16. Get creative with camera movements
Landscape photography is usually all about capturing sharp images. When motion blur is included, it’s often to blur moving elements, such as water. To capture the whole landscape as a dynamic blur, you have to turn the way you shoot on its head. Set the camera to Shutter Priority at 1/8 sec with ISO at 100; these settings will work perfectly for both techniques below.
Panning landscapes is where you move the camera across or vertically during the exposure. A vertical pan works best for trees; for coastal shots, try a horizontal pan.
A zoom burst is where you zoom the lens into the subject you’re photographing and focus. You then begin to smoothly zoom out while releasing the shutter. Experiment with the zoom speed for the best results.
17. Create starbursts
When you shoot at sunrise or sunset, the sun will be extremely bright when it’s just above the horizon. The light will still be soft and colourful, but the bright sun can make shooting difficult. One way to overcome the problem, and to apply a stunning effect, is to create a starburst. To do this, either position yourself so the sun is partially obscured by something, or shoot when the sun is just peeking over the horizon line. Now with the aperture set to either f/16 or f/22, the bright light will be captured as a star. It really is that simple – no filters required.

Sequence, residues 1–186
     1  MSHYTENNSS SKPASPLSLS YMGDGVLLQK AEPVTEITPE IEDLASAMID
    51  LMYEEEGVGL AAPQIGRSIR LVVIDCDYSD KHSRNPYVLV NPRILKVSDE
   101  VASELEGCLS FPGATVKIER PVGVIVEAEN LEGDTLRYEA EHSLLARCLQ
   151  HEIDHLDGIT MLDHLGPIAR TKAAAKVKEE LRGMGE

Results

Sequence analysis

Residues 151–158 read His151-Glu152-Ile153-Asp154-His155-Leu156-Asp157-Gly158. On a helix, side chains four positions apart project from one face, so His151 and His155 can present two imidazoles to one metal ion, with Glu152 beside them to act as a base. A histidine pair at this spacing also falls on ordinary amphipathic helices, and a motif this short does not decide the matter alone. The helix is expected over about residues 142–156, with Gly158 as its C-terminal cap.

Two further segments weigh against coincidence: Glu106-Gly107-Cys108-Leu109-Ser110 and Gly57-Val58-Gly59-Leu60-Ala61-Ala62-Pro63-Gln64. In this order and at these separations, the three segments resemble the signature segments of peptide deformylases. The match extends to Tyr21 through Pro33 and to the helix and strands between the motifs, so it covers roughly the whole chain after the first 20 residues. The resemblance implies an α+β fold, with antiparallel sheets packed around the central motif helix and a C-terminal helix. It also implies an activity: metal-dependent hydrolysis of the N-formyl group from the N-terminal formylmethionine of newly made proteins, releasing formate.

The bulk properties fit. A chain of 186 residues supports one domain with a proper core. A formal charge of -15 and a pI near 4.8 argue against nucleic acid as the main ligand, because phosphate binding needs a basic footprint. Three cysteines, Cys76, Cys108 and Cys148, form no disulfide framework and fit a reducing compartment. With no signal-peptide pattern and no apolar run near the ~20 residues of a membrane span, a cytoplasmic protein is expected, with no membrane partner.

18. Look for symmetry
Reflections can be a hugely creative addition to all types of photography, but with landscapes they can provide mirror-perfect symmetry. For this type of shot, position the far bank of a lake or the horizon line across the centre of the frame to split the scene and the reflection into two equal parts.
19. Go out and shoot on misty mornings
Waking up to mist may not seem like the best conditions for shooting, but the mysterious look of the landscape is an opportunity not to be missed. The best mist for photographers is ‘radiation fog’, which forms during clear, still nights when the ground loses heat via radiation. This type of mist will often remain close to the ground, forming a thin, white layer.
You may need to use exposure compensation to avoid under-exposure. You should try positioning yourself so the sun is in front of you for more dramatic results.
20. Explore abstract details
Just because the weather isn’t ideal doesn’t mean you have to pack up all your photography kit and head home: there are plenty of other opportunities to keep you busy. Why not explore different locations and look for interesting details such as patterns in rocks or reflections in pools of water, and focus on these?
A kit lens or a telephoto will allow you to zoom in and exclude the surrounding area, and don’t forget to experiment using filters too. You need to remember that polarising filters can reduce glare and saturate colours, while ND filters allow you to shoot
at slower shutter speeds, so you could even try blurring water to achieve a dynamic abstract effect.
21. Find new viewpoints
Simply setting up your camera and tripod to capture what’s in front of you can quickly come to dictate how you approach and shoot landscapes. So don’t forget to explore locations when you arrive to find the best viewpoint – and if that means laying on the ground to look up, go for it!
This feature was originally published in Digital Camera Magazine, to subscribe, click here